Aniya Green woke up alert but on a ventilator at the Houston Medical Center after taking toxic street pills, her mom said.
“She was a victim of this street drug that’s out here right now,” Schneita Green said as she sat on the sofa in her Warner Robins home Wednesday afternoon, still wearing a hospital visitor’s badge.
“She took some of the medicines and it caused her to have a respiratory failure.”
Aniya is the eldest of her 11 children. She’s expected to come off a ventilator soon.
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“She is responding,” Green said. “She is able to communicate through text messages — and she’s asking for McDonald’s.”
Her mom chuckled.
“But she’s doing well. ... It’s a long process, but I think that she’s gonna ... get better.”
But back up to late Monday afternoon, when Green got a terrifying call from another daughter: Aniya isn’t breathing.
“I was devastated, shocked and I felt hopeless,” said Green, who prayed earnestly for her daughter.
A 911 call summoned help.
Green arrived home just before the ambulance pulled away to take Aniya to the hospital.
“Through prayers and family and the hands of the nurses and doctors there, she was not a victim that died on it but she was a victim that went through it.”
“It” is a yet unknown toxin in a street pill that’s been disguised as the pain killer Percocet. The toxic and potentially deadly pills have been linked to multiple overdoes and maybe four deaths in Middle Georgia.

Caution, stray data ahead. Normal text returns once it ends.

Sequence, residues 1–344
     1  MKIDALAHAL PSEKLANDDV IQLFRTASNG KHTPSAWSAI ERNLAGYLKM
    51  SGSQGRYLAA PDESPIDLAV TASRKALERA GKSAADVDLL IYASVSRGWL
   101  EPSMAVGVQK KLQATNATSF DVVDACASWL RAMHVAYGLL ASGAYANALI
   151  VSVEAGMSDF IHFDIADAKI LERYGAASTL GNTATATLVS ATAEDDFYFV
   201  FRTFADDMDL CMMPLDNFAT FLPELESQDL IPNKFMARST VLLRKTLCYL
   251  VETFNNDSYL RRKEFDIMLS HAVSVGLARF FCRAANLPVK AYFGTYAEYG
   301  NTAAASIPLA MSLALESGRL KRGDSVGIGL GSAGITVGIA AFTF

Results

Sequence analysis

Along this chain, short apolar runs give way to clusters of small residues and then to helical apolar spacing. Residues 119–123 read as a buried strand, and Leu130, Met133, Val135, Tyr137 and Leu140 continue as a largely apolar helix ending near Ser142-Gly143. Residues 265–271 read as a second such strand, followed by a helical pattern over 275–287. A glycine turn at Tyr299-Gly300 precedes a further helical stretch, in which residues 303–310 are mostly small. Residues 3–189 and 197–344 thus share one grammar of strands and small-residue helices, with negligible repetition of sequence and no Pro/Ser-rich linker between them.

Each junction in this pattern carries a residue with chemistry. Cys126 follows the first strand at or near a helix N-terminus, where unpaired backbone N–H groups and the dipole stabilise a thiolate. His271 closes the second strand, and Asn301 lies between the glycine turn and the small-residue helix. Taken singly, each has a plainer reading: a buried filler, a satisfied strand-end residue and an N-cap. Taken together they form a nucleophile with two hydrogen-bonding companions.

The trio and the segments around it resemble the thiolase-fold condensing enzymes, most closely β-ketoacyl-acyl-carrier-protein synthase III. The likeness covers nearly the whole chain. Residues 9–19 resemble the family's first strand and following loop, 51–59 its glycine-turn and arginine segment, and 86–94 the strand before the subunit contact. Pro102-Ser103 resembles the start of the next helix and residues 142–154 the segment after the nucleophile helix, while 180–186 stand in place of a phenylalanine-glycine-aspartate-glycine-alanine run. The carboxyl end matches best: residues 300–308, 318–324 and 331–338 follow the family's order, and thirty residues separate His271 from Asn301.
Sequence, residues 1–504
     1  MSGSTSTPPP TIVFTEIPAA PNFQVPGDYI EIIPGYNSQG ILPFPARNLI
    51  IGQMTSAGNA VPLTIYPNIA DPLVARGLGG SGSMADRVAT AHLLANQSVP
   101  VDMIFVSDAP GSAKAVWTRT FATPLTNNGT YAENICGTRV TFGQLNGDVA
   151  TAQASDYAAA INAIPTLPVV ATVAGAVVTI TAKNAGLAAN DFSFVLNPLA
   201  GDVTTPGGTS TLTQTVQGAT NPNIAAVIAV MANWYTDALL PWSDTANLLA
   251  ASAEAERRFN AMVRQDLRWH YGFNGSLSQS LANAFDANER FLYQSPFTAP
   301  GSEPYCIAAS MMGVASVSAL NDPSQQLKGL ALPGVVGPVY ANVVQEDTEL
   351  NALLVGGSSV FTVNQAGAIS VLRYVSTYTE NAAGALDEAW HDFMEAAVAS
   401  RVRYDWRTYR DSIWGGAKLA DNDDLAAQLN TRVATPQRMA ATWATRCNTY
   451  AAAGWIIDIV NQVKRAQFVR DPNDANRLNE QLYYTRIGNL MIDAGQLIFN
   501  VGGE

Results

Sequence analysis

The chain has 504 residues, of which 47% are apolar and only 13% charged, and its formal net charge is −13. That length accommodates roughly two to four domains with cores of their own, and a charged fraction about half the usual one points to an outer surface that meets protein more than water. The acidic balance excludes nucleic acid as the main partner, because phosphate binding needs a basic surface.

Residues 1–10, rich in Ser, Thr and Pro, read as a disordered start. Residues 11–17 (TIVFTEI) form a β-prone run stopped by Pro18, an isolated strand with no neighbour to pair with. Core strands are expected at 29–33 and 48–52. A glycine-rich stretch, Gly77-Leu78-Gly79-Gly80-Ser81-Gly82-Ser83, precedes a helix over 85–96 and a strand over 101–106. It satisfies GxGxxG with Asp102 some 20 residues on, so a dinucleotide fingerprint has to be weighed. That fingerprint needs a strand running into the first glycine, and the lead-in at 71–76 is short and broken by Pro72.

Talking with her daughter’s friend and tracking her movement by searching for clues on her daughter’s cellphone, Green learned that Aniya and a girlfriend had gotten hold of street pills. The teenagers thought the pills were either Percocet or the anti-anxiety medication Xanax, Green said.
Aniya took two of the pills. Her daughter’s friend was also hospitalized, Green said.
A hospital nurse told Green that several other cases had been reported among young people with similar symptoms.
“From the information they got from the Macon hospital along with the CDC, they was explaining that it was a drug that was coming in this area that has looked and wanted to be a Percocet pill or Xanax pill but was something that was synthetic,” Green said.
“And that’s what was causing the people to have that type of reaction and having to be hospitalized, and some having be sedated (into a medically induced) coma as well as some have died,” she said.
Tuesday, health care leaders and law enforcement held a news conference to warn people about the toxic street drug. Anyone with information on the toxic drugs or who is distributing them is asked call Macon Regional CrimeStoppers hotline at 1-877-682-7463.
Green said she plans to have a heart-to-heart talk with her daughter once they’re through the crisis. She offered this advice for other parents.
“Talk with your children about what’s going on,” Green said. “Don’t sugarcoat anything.”